Tina smiled. “And introduce them to Jesus.”
Crystal ignored her comment. “Anyway, Aaron called a family meeting for tomorrow.”
Crystal snorted. “To Arkansas? I’ll be auditioning and you know it.”
“All next week. It would be a waste to just fly there and fly back. Not to mention annihilating my tiny savings.”
“So everyone but you is going to be there.”
She shrugged. “Probably. But they know I can’t make it.”
“Can’t or won’t?” Tina muttered. Before Crystal could respond, she spoke in a normal voice. “So what’s the problem with Aaron leaving?”
“He’s Dad’s right-hand man.”
“Don’t some of your other sisters and brothers live nearby?”
“Yeah, but they’re busy with their own lives. Aaron’s been the main one who takes care of the cattle. And Mama and Daddy are going on an overseas trip in a week. I think he’s afraid they’ll cancel.”
“Mission trip?” Tina asked, her voice dry, as she deftly started on makeup.
Crystal nodded. “With a second honeymoon tacked on for good measure.”
“Honeymoon or no honeymoon, your family’s so holy, ‘The Hallelujah Chorus’ must burst out spontaneously every time they’re together. I bet they bug you worse than we do about going to church.”
Crystal frowned. “Not really so much.”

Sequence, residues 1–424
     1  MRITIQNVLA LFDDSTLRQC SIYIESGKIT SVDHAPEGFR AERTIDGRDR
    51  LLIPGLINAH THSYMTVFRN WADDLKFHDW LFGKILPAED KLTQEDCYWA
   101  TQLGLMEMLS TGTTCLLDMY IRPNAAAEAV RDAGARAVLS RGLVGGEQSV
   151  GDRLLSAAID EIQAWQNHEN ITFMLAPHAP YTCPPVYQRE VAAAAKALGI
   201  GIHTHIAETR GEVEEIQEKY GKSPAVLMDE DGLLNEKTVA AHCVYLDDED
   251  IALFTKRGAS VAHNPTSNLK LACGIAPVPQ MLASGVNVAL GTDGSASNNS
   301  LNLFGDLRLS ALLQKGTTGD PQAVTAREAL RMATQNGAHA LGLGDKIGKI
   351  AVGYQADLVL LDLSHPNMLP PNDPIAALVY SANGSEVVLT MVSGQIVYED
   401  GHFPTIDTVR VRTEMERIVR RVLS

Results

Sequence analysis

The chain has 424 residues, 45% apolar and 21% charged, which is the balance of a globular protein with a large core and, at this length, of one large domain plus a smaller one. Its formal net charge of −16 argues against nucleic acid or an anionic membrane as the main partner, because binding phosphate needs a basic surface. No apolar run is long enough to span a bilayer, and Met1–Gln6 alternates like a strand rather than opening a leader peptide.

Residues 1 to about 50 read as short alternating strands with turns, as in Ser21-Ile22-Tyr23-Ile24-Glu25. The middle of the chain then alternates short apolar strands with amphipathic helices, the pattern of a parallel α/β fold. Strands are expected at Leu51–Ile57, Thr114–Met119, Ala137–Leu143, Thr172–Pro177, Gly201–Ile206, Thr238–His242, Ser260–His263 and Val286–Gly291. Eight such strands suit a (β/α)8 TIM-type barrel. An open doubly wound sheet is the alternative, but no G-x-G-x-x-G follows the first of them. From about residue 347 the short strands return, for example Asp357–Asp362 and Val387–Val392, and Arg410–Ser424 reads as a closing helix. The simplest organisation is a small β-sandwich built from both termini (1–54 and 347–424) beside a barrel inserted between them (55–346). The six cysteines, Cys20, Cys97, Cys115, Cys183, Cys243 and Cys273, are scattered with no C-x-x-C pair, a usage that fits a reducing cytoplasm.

“It’s not because they’ve given up on you, honey,” Tina drawled as she smoothed in the foundation on Crystal’s face.
Heat spread from Crystal’s neck to her face. Tina had an uncanny way of taking the words right out of Crystal’s mind and speaking them aloud. She glanced in the mirror and cringed inwardly. Not much chance her embarrassment would escape unnoticed, since the pale makeup clashed violently with her red face.
Tina made no comment about the color change. “Your biggest sin is you’re too hard on yourself.”
“I’m not hard on myself.”
“Yeah, and I’m not from Texas,” Tina drawled as she unfastened the Velcro at Crystal’s neck and whipped the white cape off her with a flourish. “Ta-da. The most beautiful homeless woman I’ve ever seen.”
Excerpted from THE RELUCTANT COWGIRL: The McCord Sisters, Book 1 © Copyright 2011 by Christine Lynxwiler. Reprinted with permission by Barbour Books. All rights reserved.